7

To answer your first question, yes attacks were frequent. This is what prompted many of the earliest 'settlements' to build a surrounding and protective wall in the first place, to stop constant raids from stronger 'warrior' nomadic tribes killing, enslaving people and stealing food. To answer your second question, the farmers and dry grain/food supplies ...


7

I believe many did. Hopewell (mound builders) : This Hopewell mound in Newark Ohio looks an awe-full lot like a circular wall with a gate in the upper left hand corner. regarding the Inca, these look like defensive walls to me.


6

I like to visit old castles and am lucky enough to live where there are quite a few. If the old gate is still there you can see it was often covered in sheet metal. Some castles has skins stretched over the gates and would wet them to stop them catching fire. The doors were often set back inside the doorway so it wasn't easy to shoot at them. Fire arrows ...


5

Aside from attacks during the two already mentioned time periods - European colonisation and the Japanese attacks during WW2 - there was another attack on Australian soil, though not on the continent itself: In the early morning of 2004-09-09, a car bomb was detonated at the Australian embassy in Jakarta, Indonesia. Of course, an embassy's area isn't, ...


5

Yes, the vikings did just that. A longship can have to about 100 crew/warriors on board. (Different type of ships had a smaller or larger crew on board.) A raid often was done with one or two ships. Laying siege was of course impossible. But having the element of surprise might give them the edge. Storming the walls was suicide. Favorable circumstances (fog, ...


5

There are two additional reasons. First, in principle, any fortification can be overcome, with enough time and resources. But a very important question is how long will it take. By prolonging the siege you may hope a) for reinforcement or b) that the enemy will withdraw for whatever reason. Several layers of defense prolong the siege. Second, do not forget ...


5

These were different lines of defense. A city was a relatively large area whose purpose was to maintain the political power of say, the king. As such, it had a large number of civilians, and provided a place of refuge for "some" people from the surrounding countryside. As such, a city was a better defended place than most of the of countryside, but its ...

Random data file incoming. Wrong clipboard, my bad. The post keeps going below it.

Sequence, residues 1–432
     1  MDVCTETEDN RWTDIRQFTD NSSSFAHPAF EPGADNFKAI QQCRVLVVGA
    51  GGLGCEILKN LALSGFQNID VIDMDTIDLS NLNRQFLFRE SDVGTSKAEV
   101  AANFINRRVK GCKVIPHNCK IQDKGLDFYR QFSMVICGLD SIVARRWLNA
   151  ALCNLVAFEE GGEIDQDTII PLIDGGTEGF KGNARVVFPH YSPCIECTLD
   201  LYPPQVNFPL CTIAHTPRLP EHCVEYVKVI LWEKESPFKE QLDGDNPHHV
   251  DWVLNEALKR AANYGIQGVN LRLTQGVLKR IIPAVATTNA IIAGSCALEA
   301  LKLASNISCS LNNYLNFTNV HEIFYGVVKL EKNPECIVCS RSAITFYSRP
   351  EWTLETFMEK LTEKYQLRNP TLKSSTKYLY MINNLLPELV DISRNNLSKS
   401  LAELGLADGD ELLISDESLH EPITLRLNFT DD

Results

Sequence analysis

5

For Europe, I would say, that most of the major cities where not designed to make urban combat more of a mess than it already is. Most of the original European cities were not planned at all but simply envolved as needed This lead to very unsanitary, fire prone, death traps. Fortified cities, as allready meantioned, did have a military plan in mind for ...


4

It's a simple (or not) optimization problem. Is the cost of the wall to protect the surrounding farms + cost of defending that wall (marginal cost compared to just the wall around the city) more or less than the cost of losing and rebuilding the farms (land improvements, buildings, stocks that can't be moved to the city and possibly farmers)? Judging by ...


4

When at the peak of its power, ancient Sparta had no walls around its capital city. The standard cliche one reads and hears is that the "walls" of Sparta were the fighting men of its army.


4

A Japanese submarine bombarded the suburbs of Sydney, including Rose Bay, with a small cannon. As part of the initial attacks on Northern Australia, there were air raids at several points including a devastating attack on a seaplane base at Broome in North-Western Australia. Eventually the Japanese had to re-deploy the carrier forces that led these attacks ...


4

This is covered in the book The Military Affairs of Ancient Rome & Roman Art of War in Caesar's Time by Lt. Col. S.G. Brady. Not sure how good this book is, so perhaps others can weigh in here. Apparently the book is out of copyright; you can find a full copy online here: http://www.digitalattic.org/home/war/romanarmy/index.php Here's the relevant ...


4

Really the only strategic similarity you've pointed out is the value of an island fortress. Looking into it deeper, I'm not sure there's much more to it than that. The core of the Mongol army was their horse archers. The combination of being faster than anyone they faced and being able to attack at range was devastating to the typical non-nomadic foot army ...


3

I believe, no. The USSR disintegrated due to different reasons. The US maybe played role in it but not through the means of SDI but most likely through propaganda and influence on the top party officials.


3

Despite the Franco-Belgian accord of 1920, the Belgians were skittish about becoming too dependent on, or becoming a protectorate of France. Basically, they wanted a "balanced" relationship with both France and Germany, barely "tilting" toward France. By 1936, Belgium "thought better" of the above accord, backed off on its provisions, declared its on ...


Only top voted, non community-wiki answers of a minimum length are eligible